Boston Globe Launches Pay Site: BostonGlobe.com
NEW YORK -- The Boston Globe unveiled a two-pronged strategy Monday to help keep the 139-year-old newspaper afloat amid industry-wide advertising and circulation drops.
Following in the footsteps of its corporate parent, the New York Times, the paper's executives are banking on devoted readers paying for online content.
For those readers only interested in breaking news, local coverage, sports scores, blogs and classifieds, there won't be much of a change. All of that content, along with a selection of up to five Globe articles daily, remains free at Boston.com. However, readers seeking full access must head to the just-launched pay site, BostonGlobe.com.
Publisher Christopher Mayer told The Huffington Post that by separating the two brands, the Boston Globe will now have "its own door in the digital space." Until now, BostonGlobe.com redirected to Boston.com, a popular news site that's been the main destination for the paper's content since 1995.
"We have two different sites and they're targeted at two different types of audiences," said editor Marty Baron. "BostonGlobe.com is targeted for people really interested in the full depth of journalism we offer. They're interested in a comfortable reading experience. They're interested in reading the full stories in many instances."
Similar to the Times, any Boston Globe print subscriber -- even one subscribed only to the Sunday edition -- can access BostonGlobe.com. (The Globe's print circulation is 219,000 daily and 356,000 on Sundays). Digital-only subscribers will have to pay $3.99 a week to read all of its content online and across mobile devices and tablets.
Coldwell Banker Residential Brokerage is sponsoring the site through September, so the BostonGlobe.com pay wall really doesn't kick in until Oct. 1. But when it does, who'll subscribe online? Since so much content remains available on Boston.com, casual readers are unlikely to open their wallets. But executives hope dedicated Globe readers -- the ones who want editorials, op-eds, enterprise stories, documentary video and all the paper's reviews -- will drop around $16 a month to get everything.
Still, there are a few pay wall exceptions. For one, Globe editors can opt to move a story of national interest to Boston.com in hopes of reaching a wider audience online. Also, social media users can read any Globe article linked on Twitter or Facebook. (They'll appear as Boston.com articles and therefore won't lead through the BostonGlobe.com pay wall).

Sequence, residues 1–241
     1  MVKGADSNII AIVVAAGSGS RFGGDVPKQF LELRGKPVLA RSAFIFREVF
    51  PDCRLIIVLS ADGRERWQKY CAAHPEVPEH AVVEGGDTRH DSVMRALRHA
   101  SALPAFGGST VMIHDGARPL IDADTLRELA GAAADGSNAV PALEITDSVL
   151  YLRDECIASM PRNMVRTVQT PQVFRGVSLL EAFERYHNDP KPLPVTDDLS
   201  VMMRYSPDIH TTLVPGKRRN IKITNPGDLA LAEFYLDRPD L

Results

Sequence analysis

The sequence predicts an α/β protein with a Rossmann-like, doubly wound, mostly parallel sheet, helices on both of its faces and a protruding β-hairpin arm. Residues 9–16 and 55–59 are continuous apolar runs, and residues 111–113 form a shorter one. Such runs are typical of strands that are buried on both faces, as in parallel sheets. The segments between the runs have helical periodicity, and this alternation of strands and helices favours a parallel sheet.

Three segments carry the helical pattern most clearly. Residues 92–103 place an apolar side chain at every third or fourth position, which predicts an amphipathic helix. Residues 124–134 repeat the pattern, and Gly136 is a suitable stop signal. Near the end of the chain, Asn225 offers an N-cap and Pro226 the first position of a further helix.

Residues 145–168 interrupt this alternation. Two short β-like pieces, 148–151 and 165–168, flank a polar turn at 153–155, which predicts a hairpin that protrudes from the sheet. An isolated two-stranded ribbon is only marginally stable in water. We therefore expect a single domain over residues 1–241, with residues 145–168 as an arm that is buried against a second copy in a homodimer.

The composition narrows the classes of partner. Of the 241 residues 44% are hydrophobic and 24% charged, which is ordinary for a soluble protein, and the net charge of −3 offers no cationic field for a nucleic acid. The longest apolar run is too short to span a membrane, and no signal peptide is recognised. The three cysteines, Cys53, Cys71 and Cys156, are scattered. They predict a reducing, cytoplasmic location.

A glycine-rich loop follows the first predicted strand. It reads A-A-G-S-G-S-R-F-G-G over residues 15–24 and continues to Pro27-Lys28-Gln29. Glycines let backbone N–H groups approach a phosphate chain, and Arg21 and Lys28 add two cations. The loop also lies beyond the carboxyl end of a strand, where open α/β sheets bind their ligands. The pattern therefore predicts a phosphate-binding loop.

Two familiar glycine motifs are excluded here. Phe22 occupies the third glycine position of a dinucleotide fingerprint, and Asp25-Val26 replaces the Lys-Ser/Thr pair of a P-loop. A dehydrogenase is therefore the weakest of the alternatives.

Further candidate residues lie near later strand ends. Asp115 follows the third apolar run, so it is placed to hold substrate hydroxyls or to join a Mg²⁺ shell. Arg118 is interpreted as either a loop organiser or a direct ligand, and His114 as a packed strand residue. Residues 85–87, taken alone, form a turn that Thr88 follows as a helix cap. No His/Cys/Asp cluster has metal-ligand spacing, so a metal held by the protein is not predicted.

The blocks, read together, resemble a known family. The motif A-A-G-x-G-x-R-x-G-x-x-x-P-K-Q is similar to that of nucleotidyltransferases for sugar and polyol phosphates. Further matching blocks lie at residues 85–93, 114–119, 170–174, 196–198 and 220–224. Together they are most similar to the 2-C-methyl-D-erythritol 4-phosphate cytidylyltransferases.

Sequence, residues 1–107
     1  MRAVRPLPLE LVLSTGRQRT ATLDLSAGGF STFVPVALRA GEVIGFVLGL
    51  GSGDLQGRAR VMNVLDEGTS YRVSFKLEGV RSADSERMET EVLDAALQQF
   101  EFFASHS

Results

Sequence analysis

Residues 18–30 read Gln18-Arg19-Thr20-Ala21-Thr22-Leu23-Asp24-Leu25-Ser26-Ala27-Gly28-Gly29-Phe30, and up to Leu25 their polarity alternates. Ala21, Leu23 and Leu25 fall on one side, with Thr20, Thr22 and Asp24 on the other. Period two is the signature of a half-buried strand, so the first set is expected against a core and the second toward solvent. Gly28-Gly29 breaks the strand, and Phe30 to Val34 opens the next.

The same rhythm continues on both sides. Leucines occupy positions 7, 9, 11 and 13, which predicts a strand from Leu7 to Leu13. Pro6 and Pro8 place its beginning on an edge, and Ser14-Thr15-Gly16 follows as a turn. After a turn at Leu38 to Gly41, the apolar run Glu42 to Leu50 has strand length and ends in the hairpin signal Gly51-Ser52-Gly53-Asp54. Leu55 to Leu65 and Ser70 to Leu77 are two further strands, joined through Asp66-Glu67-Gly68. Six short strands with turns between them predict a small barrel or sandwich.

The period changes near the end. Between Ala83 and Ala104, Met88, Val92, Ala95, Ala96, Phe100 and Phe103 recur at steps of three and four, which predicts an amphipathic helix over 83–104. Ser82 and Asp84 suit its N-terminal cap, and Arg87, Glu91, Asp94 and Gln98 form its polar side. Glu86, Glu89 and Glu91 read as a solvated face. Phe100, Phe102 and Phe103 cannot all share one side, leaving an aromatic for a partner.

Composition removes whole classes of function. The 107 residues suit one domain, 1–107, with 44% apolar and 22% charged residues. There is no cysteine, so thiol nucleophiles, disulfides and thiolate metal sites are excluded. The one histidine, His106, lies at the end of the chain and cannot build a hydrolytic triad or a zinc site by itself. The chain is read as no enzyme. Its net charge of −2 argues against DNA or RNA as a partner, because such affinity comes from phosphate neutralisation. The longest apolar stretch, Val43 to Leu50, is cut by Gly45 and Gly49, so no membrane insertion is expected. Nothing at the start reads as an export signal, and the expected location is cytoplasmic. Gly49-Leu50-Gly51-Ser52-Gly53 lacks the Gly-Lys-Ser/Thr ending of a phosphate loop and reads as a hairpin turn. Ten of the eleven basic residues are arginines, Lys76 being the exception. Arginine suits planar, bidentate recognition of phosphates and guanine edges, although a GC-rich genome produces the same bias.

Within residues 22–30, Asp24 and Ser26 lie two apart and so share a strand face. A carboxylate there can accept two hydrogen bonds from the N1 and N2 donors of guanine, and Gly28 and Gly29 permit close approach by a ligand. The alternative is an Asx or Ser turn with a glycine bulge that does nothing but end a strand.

Mayer won't get into specifics about digital-only subscription goals. But given the past couple rocky years, it's understandable why executives might be trying to tap into another revenue stream.
In Spring 2009, the Times Company put its New England Media Group –- which includes the flagship Boston Globe and smaller Worcester Telegram & Gazette -– on the market. That year, the Globe was on pace to lose $85 million, and there were serious threats of a shutdown before the paper's union made significant concessions.
Yet by October, the Times Co. decided not to sell the newspaper group after getting bids in the $35 million range. While not bad for a money-hemorrhaging paper, such an offer is a far cry from the $1.1 billion the Times Co. paid for the Globe in 1993.
Rumors of an impending sale haven't quieted. Earlier this year, local entrepreneur Aaron Kushner made a lot of noise about buying the New England Media Group, with reports that he and other investors would pay $200 million.
Once again, the Times Co. quashed the idea. In May, chief executive Janet Robinson told staff that the Globe "is not for sale." When asked if the paper is still not for sale, Mayer referred back to Robinson’s comments and said the Boston paper has always tried to be "a positive contributor within the New York Times Company."
“We focus on the assets that we have that we think make us distinctive, unique, and that we think we do tremendously, extremely well and, in fact, better than anybody else in our marketplace," Mayer continued. "And we look to turn that into a business model that supports the journalism that not only we do, but frankly, that we need to do."